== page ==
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    ABSTRACT: Alternatives to conventional HIV counseling and testing (HIV-CT) have been used to improve receipt of HIV test results. To determine the effectiveness of alternative HIV-CT methods on the receipt of HIV test results. Studies were identified by a systematic search of the literature using English-language databases from 1990 to 2005. Studies were included if they used an alternative method for HIV-CT, reported the receipt of HIV test results and had a comparison group. Pooled effect sizes [risk ratios (RR)] were calculated using a random effects model. Seventeen effect sizes (k) were included n = 21 096). Alternative HIV-CT methods included rapid testing (k = 12), oral fluid testing (k = 2), home testing (k = 1), and telephone post-test counseling (k = 2). All alternatives except for oral fluid testing significantly increased receipt of results compared with conventional testing. In stratified analysis, rapid testing was most effective [RR, 1.80; 95% confidence interval (CI), 1.46-2.22] followed by telephone post-test counseling (RR, 1.38. 95% CI, 1.24-1.47). There is strong evidence that clients are substantially more likely to receive their HIV test results with rapid testing than with conventional tests or other alternatives. Therefore, to increase knowledge of HIV status, rapid testing is preferable in settings with low rates of return for test results.
    AIDS 09/2006; 20(12):1597-604. · 6.41 Impact Factor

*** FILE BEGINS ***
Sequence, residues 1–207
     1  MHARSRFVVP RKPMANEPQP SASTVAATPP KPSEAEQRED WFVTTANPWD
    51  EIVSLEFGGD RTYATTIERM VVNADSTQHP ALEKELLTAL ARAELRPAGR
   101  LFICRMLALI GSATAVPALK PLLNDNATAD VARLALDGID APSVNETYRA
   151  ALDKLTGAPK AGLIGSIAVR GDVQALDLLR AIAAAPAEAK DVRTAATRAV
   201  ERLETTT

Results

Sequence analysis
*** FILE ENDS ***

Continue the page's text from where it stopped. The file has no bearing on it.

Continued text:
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    ABSTRACT: This study examined changes in healthcare use among perinatally HIV-infected children and developed new estimates of expected lifetime treatment costs. The study analyzed longitudinal medical record data from the Pediatric Spectrum of Disease study on perinatally HIV-infected children enrolled in 6 US sites during 1995 and 2001 for enrollee characteristics including healthcare utilization. For the year 2001, costs were assigned to hospitalization, HIV-related drug usage, and laboratory testing. To estimate lifetime treatment costs based on those categories, median survival times of 9, 15, and 25 years were assumed and average annual healthcare utilization costs were applied to each year of survival. From 1995 to 2001, hospitalization rates fell from 0.67 per child-year to 0.23 per child-year (P < 0.05). In 2001, the average cost of healthcare utilization per child was $12,663, including $2164 for hospitalization, $9505 for HIV-related drugs, and $994 for laboratory tests. The discounted lifetime treatment cost, based on those 3 cost categories, was $113,476 for 9 years of survival, $151,849 for 15 years, and $228,155 for 25 years. Hospitalizations among perinatally HIV-infected children decreased significantly from 1995 to 2001. Compared with previously published estimates, lifetime treatment costs for children perinatally infected with HIV have remained relatively stable. However, as years of survival increase for this population, lifetime costs also are likely to increase.
    JAIDS Journal of Acquired Immune Deficiency Syndromes 05/2006; 41(4):521-6. · 4.65 Impact Factor